Outrage over Charlie Hebdo cartoon on earthquake in Turkey and Syria | News about earthquakes

The French satirical magazine has once again come under fire for its provocative comics.

French satirical magazine Charlie Hebdo sparked outrage on social media after it published a cartoon highlighting the 7.8 magnitude earthquake that killed thousands in Turkey and Syria.

Artist Pierrick Juin’s drawing shows floating buildings amid piles of rubble with the caption: “No need to send tanks.”

Social media users said the cartoon mocked the tragedy that affected millions of people in the two countries and called the drawing “disgusting”, “disgraceful”, “disgusting” and akin to “hate speech”.

A woman named Sara Assaf responded saying she was withdrawing her support for the magazine. “Je ne suis plus Charlie” (I am no longer Charlie), she wrote, referring to the slogan “Je suis Charlie” (I am Charlie) adopted by the paper’s supporters after the attack on their office on January 7, 2015.

That day, two brothers claiming to belong to al-Qaeda opened fire on the Paris headquarters of a French satirical weekly, killing 12 people in retaliation for cartoons of the Islamic prophet Muhammad.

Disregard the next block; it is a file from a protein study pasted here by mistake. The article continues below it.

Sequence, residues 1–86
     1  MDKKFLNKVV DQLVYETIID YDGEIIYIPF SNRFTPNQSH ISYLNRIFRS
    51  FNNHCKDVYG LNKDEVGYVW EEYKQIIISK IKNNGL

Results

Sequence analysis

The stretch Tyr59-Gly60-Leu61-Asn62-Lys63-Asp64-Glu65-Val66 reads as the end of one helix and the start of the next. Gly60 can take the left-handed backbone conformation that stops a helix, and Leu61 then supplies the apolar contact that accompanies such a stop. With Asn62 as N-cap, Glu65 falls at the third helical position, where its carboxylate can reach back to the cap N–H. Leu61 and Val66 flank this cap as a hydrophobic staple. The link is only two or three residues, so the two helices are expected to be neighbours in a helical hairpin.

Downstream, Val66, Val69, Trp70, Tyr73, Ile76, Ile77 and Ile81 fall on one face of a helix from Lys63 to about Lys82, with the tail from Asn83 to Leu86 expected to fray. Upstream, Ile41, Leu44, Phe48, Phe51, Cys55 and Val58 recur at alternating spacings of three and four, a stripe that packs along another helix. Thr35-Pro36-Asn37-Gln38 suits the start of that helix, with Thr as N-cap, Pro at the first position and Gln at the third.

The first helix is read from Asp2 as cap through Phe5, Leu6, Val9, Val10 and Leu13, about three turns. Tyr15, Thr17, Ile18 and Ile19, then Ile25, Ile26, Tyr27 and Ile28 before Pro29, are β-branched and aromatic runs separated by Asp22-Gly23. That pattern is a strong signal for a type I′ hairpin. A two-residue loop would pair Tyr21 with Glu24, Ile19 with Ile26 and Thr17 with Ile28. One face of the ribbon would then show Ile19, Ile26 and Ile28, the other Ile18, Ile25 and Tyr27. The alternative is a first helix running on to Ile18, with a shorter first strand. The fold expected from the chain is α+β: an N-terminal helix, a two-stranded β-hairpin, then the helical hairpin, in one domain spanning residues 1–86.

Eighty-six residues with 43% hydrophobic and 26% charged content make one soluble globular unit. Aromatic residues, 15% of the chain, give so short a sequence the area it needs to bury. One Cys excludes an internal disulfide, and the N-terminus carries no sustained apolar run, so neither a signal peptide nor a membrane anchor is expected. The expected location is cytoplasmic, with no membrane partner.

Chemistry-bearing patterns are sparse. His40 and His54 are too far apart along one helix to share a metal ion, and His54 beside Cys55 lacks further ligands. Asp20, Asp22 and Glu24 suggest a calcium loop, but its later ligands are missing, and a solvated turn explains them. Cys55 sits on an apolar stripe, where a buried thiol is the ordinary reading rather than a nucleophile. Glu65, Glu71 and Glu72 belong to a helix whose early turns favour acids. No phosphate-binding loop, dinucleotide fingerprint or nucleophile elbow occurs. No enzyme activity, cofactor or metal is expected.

The attack sparked a global outpouring of solidarity with France, as well as a debate about what constitutes free speech.

“We were with you during your pain. What we are going through now is a disaster for humanity!” one user said, before concluding: “No, that’s not humor.”

American Muslim scholar Omar Suleiman said: “Mocking the death of thousands of Muslims is the pinnacle of how France has dehumanized us in every way.”

Some users noted how Turks organized support marches after the 2015 attacks, rallying behind the “Je suis Charlie” campaign, only to be met with what many saw as contempt.

Sirene political analyst Öznur Küçüker addressed the magazine in a tweet. “Even the Turks were ‘Charlie Hebdo’ to share your sadness, and today you dare to mock the suffering of an entire nation. One really has to have the courage to do this while there are still babies under the rubble waiting to be rescued,” she said.

One user said the cartoon showed the “true spirit” of Charlie Hebdo, while another said “the only source of income for this paper is Islamophobia”.

The comic even drew a response from Ibrahim Kalin, the Turkish president’s spokesman. “Modern barbarians!” he chirped. “Suffocate in your hatred and anger.”

Some supporters of Charlie Hebdo tried to defend the comic, calling it “satire” and the need for “context”.

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